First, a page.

State sales tax on legal services considered
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HARRISBURG -- Law firms, watch out. To resolve the ongoing state budget impasse, state legislators may seek to apply the state sales tax to legal services.
Currently, legal services are among several dozen professional, recreational, personal and business services that are exempt from the state's 6 percent sales tax (the tax is 7 percent in Allegheny and Philadelphia counties).
But state Republican leader Sam Smith of Punxsutawney said yesterday that House Democrats may try to remove that exemption as a way to boost revenue to balance their proposed $29.1 billion budget plan for fiscal 2009-10, which began July 1.
By not subjecting legal services to the sales tax, the state will lose an estimated $530 million this fiscal year, according to the state Revenue Department.
"We killed the attempt by the governor and House Democrats to increase the income tax on working Pennsylvanians," said Mr. Smith. "Now it appears they are moving to get more money from the sales tax by taxing legal services, which are currently exempt. Their plan would limit access [for] people who truly need legal help. It's wrong."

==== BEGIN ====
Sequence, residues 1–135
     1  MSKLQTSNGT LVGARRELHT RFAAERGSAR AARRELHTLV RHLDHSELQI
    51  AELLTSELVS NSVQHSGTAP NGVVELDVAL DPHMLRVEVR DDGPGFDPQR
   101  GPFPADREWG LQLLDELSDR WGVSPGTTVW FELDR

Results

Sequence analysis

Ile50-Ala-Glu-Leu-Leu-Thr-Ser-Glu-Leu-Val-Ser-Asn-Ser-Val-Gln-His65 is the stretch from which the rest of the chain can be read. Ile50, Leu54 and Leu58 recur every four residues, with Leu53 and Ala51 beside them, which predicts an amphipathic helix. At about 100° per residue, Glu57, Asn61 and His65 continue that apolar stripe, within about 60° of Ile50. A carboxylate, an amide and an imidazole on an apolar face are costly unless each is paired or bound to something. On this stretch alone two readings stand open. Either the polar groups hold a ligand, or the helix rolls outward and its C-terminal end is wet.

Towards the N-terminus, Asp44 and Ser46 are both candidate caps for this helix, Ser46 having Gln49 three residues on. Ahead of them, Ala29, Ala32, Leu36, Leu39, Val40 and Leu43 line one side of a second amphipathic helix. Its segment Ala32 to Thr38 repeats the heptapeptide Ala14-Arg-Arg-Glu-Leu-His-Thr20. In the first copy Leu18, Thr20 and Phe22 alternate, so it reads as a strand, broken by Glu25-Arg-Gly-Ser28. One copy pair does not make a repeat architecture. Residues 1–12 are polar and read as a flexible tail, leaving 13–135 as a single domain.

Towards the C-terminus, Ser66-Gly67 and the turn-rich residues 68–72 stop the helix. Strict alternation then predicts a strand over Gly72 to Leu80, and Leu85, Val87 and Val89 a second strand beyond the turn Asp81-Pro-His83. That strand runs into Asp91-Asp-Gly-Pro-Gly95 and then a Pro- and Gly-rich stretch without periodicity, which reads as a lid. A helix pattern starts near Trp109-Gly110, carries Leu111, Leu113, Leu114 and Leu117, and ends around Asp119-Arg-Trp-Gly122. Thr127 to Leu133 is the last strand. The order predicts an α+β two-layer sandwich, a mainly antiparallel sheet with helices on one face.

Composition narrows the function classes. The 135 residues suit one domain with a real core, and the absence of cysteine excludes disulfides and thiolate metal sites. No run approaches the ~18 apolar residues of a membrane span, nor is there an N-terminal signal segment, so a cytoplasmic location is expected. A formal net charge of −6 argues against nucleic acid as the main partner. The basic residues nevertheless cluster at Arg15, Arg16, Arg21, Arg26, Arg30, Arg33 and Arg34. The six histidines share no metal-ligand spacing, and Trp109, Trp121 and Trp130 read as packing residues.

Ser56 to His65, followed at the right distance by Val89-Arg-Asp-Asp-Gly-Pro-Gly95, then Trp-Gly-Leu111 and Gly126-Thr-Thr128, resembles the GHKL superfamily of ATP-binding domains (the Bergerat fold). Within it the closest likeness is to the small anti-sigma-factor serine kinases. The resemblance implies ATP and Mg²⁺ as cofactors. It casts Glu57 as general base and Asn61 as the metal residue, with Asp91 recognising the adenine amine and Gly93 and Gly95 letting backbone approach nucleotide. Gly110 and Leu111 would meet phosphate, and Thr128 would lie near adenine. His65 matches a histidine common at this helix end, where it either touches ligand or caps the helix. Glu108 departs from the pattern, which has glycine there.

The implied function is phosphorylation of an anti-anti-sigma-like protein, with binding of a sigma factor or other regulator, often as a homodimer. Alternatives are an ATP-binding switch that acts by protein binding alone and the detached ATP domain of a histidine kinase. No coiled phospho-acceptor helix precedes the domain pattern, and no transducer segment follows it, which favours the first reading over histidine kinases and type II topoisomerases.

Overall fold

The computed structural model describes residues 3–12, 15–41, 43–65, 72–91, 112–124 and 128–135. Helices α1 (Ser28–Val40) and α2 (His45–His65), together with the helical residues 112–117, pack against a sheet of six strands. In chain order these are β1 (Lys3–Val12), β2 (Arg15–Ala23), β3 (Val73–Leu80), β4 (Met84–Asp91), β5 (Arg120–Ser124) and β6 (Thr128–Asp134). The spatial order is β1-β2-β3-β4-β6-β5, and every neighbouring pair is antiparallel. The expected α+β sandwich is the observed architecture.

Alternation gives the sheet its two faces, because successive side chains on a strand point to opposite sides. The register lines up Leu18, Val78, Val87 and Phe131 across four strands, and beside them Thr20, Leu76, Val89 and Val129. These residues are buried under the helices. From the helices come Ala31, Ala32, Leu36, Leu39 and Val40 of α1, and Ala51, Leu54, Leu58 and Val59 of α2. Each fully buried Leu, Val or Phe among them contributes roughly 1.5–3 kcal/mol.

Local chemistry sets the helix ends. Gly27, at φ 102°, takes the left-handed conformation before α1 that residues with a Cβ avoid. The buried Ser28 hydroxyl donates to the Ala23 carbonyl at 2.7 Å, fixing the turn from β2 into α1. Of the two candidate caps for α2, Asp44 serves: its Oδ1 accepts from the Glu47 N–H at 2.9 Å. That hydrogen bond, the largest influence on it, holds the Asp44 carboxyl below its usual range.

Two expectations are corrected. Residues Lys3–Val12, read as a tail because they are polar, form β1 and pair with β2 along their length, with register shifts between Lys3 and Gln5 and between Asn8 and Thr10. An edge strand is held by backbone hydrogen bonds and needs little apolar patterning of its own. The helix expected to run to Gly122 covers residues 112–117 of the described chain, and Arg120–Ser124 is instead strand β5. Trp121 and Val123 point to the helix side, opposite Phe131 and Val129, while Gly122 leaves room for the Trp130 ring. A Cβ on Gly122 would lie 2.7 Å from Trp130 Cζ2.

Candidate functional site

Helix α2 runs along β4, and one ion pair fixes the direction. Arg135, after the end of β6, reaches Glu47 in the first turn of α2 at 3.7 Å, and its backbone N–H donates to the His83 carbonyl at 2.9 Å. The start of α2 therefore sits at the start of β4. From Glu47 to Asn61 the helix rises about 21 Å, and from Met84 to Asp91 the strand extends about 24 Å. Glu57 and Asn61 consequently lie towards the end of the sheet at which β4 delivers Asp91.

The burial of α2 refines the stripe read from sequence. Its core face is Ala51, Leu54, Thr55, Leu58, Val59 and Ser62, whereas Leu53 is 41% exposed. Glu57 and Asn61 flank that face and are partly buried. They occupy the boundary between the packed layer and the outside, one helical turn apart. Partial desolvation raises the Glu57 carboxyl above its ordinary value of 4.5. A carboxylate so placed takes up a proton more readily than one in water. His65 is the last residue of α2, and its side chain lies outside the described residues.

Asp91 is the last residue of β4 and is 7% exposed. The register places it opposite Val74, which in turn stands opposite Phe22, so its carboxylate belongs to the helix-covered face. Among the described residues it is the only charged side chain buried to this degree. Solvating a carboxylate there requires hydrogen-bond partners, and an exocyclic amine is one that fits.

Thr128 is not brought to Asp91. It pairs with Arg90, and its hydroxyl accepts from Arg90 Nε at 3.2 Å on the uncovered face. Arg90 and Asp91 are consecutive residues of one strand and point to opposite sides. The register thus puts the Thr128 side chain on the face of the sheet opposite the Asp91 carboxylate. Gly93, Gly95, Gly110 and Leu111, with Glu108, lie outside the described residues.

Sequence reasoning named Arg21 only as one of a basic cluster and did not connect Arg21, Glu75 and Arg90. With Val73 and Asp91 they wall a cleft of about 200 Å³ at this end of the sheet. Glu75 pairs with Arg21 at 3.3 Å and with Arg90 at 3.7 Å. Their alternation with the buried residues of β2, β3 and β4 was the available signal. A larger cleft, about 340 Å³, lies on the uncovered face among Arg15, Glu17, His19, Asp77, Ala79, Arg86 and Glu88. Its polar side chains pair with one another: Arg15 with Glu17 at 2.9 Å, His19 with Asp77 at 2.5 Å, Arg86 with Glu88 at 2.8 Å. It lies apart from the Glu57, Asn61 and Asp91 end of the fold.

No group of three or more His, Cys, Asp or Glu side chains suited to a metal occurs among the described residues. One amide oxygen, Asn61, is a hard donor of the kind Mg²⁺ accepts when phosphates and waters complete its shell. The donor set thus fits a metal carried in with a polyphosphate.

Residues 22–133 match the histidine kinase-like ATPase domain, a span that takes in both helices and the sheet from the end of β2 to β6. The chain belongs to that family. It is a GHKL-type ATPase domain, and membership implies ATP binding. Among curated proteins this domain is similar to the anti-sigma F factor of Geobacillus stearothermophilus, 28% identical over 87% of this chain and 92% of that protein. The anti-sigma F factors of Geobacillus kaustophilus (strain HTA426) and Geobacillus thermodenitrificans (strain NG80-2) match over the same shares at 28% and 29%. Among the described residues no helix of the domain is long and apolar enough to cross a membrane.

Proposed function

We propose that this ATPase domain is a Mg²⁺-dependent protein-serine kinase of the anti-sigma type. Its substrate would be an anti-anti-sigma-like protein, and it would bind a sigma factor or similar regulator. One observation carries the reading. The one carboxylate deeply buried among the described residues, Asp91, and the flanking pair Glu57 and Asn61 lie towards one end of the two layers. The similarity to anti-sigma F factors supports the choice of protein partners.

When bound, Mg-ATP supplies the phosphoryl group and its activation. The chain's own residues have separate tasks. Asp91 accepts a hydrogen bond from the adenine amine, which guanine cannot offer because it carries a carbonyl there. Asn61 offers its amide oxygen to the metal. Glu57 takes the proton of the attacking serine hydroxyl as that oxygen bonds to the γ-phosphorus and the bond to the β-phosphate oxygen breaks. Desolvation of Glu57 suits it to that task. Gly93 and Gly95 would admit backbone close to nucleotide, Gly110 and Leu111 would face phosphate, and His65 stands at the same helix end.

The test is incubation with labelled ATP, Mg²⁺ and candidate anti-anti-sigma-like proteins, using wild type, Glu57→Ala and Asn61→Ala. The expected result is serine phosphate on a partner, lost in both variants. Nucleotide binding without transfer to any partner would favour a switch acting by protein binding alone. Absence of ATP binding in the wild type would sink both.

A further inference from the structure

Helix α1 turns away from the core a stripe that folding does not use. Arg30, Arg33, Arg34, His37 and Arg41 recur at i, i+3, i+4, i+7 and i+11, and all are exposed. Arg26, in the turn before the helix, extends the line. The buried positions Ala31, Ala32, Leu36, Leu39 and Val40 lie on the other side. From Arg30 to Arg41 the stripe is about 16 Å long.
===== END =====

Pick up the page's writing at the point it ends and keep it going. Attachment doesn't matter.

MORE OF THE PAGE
Gov. Ed Rendell in June proposed a three-year, 16 percent increase in the personal income tax, but many legislators, of both parties, complained, so House Democrats have now taken that idea off the table. But Democratic leaders are still searching for additional revenues to fund Mr. Rendell's proposed $28.2 billion budget or their own $29.1 billion budget. Republicans generally favor a 2009-10 spending plan in the range of $27.3 billion, with no tax increases.
Brett Marcy, spokesman for House Democrats, said, "We have not offered any specific proposals for eliminating sales tax exemptions." But he added, "Everything -- except an increase in the personal income tax -- is on the table."
Without giving specifics, he said, "We have offered a long list of potential revenue options that would be sustainable beyond this year ... It is absolutely critical that this (2009-10) budget include sustainable, recurring revenues."
He accused Republicans of engaging in "scare tactics and hollow rhetoric" and urged them to work with Democrats to enact a "balanced, responsible budget."
First Published August 21, 2009 12:00 am